Boyhood made all the difference for me.

My friend came over last week and installed a faucet under my sink. This is not the first time I have asked him to help me with a repair. He once spent four long hours on a Friday night unclogging the same sink with me.

He has also repaired two lamps for my daughter, though both times, the repair required the replacing of a light bulb.

My friends can repair things. Build things. Diagnose problems. They can use tools. Identify tools. Repair tools. 

I cannot. It often leaves me feeling like a fool.

I saw the movie Boyhood last night. It was an extraordinary film that brought back many memories from my boyhood. Not many good ones.


Part of my inability to fix and repair things is a result of an innate lack of visual-spatial acuity. A school psychologist once administered a new cognitive test on me in order to practice and became irate with me for “screwing around” and not trying my best.

I was trying my best. I was completing a section that required me to rotate, reverse, flip and otherwise manipulate shapes.

I had no idea what I was doing. I barely understood what she was asking me to do. I finished the subtest with the score equivalent to an average seven year-old child.

I was not surprised.

But it occurs to me after watching the film that an even greater reason for my inability to work with my hands was simply the way that I grew up. My father and mother divorced when I was a little boy, and my father quickly drifted out of my life entirely. My mother remarried, but my stepfather had little interest in raising me. He didn’t teach me to play sports. Didn’t teach me to fish or pitch a tent or even mow a lawn. Didn’t teach me to use tools.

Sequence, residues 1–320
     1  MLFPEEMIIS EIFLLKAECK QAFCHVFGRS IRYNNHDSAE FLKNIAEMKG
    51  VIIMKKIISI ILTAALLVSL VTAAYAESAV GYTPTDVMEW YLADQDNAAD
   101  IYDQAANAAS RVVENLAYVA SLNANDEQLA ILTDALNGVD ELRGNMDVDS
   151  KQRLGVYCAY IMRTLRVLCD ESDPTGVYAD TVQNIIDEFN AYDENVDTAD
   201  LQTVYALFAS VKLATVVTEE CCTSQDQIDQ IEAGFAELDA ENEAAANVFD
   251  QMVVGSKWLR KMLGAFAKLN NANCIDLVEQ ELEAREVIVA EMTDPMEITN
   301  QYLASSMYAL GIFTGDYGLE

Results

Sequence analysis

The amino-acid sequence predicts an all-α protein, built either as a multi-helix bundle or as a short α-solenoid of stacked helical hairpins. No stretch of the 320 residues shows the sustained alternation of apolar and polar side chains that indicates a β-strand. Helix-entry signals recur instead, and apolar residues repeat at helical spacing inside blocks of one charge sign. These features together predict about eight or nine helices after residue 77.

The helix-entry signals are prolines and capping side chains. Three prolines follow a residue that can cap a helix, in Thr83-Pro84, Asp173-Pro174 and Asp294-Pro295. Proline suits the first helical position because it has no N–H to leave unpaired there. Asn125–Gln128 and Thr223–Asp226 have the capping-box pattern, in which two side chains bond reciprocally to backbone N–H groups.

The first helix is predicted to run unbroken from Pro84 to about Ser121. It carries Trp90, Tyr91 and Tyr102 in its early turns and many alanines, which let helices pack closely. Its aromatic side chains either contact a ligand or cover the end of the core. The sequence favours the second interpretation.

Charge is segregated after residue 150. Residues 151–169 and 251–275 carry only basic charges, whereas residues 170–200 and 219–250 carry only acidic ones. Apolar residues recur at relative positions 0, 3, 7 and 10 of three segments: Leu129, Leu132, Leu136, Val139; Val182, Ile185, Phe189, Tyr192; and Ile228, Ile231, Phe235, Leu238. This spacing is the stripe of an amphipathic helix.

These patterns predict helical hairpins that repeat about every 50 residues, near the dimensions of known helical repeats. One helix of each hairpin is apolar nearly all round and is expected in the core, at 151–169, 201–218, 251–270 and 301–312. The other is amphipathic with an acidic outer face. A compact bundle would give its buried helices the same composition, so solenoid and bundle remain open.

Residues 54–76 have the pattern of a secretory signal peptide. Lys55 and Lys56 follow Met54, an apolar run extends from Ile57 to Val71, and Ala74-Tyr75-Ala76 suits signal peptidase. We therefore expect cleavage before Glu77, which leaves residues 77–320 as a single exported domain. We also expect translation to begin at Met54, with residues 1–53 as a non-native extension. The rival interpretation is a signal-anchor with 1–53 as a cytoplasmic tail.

I didn’t have a father putting a hammer into my hand and teaching me how to bang in a nail. I didn’t have someone explaining to me how things works. I spent most of my childhood on my own, figuring out things for myself.

Then I graduated from high school and began a decade of turmoil and struggle. I moved in with a friend attending college and worked 50-60 hours a week in order to survive. My parents never visited me or even called. Unless I went home to visit, I never heard from them.

Two years later, my stepfather divorced my mother.

When my friend graduated from college and moved to Connecticut, I was homeless. I lived in my car. Eventually, I was taken in by a family of Jehovah Witnesses, working 80-90 hours a week while awaiting trial for a crime I did not commit.

When I was finally found not guilty after almost two years, I moved to Connecticut, chasing my friend and a girl, and I quickly found my way to college. I attended school fulltime while working 40-50 hours a week managing restaurants and tutoring in order to make ends meet.

When I finally graduated from college with degrees in English and elementary education, I was 29 years old. I was starting my teaching career. For the first time in my life, I was not struggling to keep my head above water. Barely keeping food on the table.

I wasn’t until I was almost 30 years old that I had genuine stability in my life.

When was there time for me to learn to fix a car? Who was there to teach me? I grew up without an Internet. Without tools. Without an innate ability to see how things fit together.  

I saw that boy in Boyhood, and in many ways, I saw myself. I watched a boy whose life was filled with transition, trauma, uncertainty, and solitude. 

My friends make fun of me for not knowing how to make simple repairs. They tease me for requiring help with the most basic things. And when I ask a friend to repair a lamp that only requires a bulb change (twice), I deserve every one of their insults.